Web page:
COVID-19 Vaccine, Sharks and Mezcal

A month’s worth of cool science stories, summed up.
Alistair Jennings, Contributor

(Inside Science) -- Researchers published two notable papers this month about the results of trials on new vaccines for the new coronavirus. One comes from a set of laboratories in China, the other from Oxford University in the U.K. And the results are pretty encouraging, and pretty similar.

International scientists monitored shark activity on a tropical reef in French Polynesia. They set cameras across the reefs, baited them with about 1 kilogram of oily fish and then counted how many sharks paid a visit to the cameras in the first hour. This is the largest ever global study of reef shark populations in their coastal habitat and it’s pretty shocking: Nearly 20% of the reefs had no sharks on them at all.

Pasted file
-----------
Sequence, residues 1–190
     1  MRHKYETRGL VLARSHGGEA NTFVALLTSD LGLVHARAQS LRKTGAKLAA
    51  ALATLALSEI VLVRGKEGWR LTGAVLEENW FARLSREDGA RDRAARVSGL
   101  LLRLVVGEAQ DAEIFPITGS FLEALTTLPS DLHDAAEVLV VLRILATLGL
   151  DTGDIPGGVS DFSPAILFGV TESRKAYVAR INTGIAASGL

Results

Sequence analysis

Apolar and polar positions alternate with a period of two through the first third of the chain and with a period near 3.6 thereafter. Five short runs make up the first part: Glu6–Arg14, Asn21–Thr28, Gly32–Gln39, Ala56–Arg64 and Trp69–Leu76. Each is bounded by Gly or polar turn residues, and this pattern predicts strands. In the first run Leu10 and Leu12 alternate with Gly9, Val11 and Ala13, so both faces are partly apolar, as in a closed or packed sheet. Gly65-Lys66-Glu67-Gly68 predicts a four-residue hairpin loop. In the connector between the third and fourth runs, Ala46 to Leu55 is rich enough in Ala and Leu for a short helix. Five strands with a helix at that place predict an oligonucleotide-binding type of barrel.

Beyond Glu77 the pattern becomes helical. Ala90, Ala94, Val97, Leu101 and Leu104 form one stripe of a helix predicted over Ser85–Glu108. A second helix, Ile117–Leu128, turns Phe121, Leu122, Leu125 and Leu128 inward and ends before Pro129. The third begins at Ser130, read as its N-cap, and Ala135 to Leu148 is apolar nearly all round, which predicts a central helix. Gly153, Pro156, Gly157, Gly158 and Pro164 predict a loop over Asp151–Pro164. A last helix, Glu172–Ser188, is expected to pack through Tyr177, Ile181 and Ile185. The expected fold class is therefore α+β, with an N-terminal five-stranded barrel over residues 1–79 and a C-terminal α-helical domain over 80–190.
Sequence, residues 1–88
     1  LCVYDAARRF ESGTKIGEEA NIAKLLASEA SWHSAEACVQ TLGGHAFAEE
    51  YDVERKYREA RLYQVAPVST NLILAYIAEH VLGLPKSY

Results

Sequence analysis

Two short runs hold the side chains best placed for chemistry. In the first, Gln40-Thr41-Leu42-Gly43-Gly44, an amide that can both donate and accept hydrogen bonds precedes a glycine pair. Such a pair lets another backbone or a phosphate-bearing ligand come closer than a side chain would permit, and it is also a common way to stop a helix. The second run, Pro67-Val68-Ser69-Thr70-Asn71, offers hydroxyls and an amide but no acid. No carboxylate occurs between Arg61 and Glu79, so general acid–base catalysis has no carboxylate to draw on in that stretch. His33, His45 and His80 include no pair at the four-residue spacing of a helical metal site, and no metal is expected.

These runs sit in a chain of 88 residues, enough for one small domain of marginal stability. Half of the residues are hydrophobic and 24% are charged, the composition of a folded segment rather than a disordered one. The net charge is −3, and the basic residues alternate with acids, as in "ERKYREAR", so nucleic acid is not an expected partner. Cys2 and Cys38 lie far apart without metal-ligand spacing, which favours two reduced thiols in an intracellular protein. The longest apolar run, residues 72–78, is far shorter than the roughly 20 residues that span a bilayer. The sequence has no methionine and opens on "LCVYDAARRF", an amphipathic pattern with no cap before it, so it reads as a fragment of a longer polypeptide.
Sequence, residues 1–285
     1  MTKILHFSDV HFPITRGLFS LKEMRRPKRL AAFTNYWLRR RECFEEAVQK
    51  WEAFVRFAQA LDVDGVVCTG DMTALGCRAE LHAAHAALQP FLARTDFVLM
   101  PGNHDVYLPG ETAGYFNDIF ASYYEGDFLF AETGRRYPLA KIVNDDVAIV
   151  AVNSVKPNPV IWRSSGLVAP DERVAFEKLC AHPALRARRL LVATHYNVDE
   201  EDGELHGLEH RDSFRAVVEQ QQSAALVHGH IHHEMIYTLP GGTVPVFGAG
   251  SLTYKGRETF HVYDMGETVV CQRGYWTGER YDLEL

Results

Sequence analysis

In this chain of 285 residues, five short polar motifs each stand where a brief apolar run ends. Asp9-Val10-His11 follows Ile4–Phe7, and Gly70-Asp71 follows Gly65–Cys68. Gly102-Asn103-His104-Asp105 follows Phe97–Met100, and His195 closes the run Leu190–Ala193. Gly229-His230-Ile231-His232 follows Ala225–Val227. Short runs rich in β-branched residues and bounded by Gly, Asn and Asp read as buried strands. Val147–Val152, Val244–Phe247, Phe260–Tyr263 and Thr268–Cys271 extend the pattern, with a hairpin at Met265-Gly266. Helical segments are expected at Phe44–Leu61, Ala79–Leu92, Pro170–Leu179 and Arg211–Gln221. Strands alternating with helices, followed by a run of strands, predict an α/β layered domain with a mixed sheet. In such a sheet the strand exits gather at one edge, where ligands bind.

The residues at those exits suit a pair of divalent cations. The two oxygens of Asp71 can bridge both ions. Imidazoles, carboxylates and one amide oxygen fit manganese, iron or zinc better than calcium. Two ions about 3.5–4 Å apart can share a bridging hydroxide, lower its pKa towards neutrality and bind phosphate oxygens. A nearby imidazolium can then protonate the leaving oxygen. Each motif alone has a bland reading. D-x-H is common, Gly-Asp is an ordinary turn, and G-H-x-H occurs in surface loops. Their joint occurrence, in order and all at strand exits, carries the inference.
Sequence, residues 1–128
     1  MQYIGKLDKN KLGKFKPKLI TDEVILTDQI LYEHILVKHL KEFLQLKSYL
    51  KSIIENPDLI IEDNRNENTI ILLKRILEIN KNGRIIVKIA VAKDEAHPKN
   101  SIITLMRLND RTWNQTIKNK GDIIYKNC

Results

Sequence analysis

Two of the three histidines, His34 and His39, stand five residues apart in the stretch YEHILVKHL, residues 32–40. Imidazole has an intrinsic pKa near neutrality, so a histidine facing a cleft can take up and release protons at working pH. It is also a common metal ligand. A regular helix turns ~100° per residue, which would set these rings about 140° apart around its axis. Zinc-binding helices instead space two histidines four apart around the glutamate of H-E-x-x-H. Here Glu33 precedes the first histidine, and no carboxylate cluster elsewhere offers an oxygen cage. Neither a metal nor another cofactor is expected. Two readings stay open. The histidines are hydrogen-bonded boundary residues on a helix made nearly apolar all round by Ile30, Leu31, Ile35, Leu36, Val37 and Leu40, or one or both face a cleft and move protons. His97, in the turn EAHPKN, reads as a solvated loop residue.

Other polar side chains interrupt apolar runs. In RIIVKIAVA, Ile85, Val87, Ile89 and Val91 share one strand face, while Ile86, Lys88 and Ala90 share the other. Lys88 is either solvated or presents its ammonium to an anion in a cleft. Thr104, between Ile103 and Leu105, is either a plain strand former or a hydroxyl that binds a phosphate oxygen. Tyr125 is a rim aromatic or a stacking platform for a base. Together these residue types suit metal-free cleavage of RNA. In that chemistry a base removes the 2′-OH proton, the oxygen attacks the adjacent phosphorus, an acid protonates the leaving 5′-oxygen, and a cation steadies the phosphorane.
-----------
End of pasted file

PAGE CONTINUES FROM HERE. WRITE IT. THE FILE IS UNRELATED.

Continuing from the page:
Another group of researchers were trawling the ocean depths looking for fish that hide in the dark. Specifically, ultrablack fish that reflect tiny amounts of visible light -- less than 0.5% of what hits them. How are these fish so black? The answer lies in their skin.

And lastly -- Mezcal. But how do you know if it’s the good stuff? Mezcal makers have a trick: They pour a bit into a glass and look for the bubbles -- if the bubbles are bursting quickly, chuck it away, but if they last for 30 seconds or more, then you’re onto a winner. Now fluid dynamics researchers have discovered why that trick works. Good Mezcal has around 50% alcohol content, and the team found that when water is mixed half and half with alcohol it becomes more viscous -- gooier -- which makes the bubbles less likely to pop.


1 - China vaccine study

2 - Oxford vaccine study

3 - Inside Science - second wave

4 - Shark study

5 - Ultra black study

6 - Mezcal study

Author Bio & Story Archive

Ali Jennings has his PhD in neuroscience from University College London.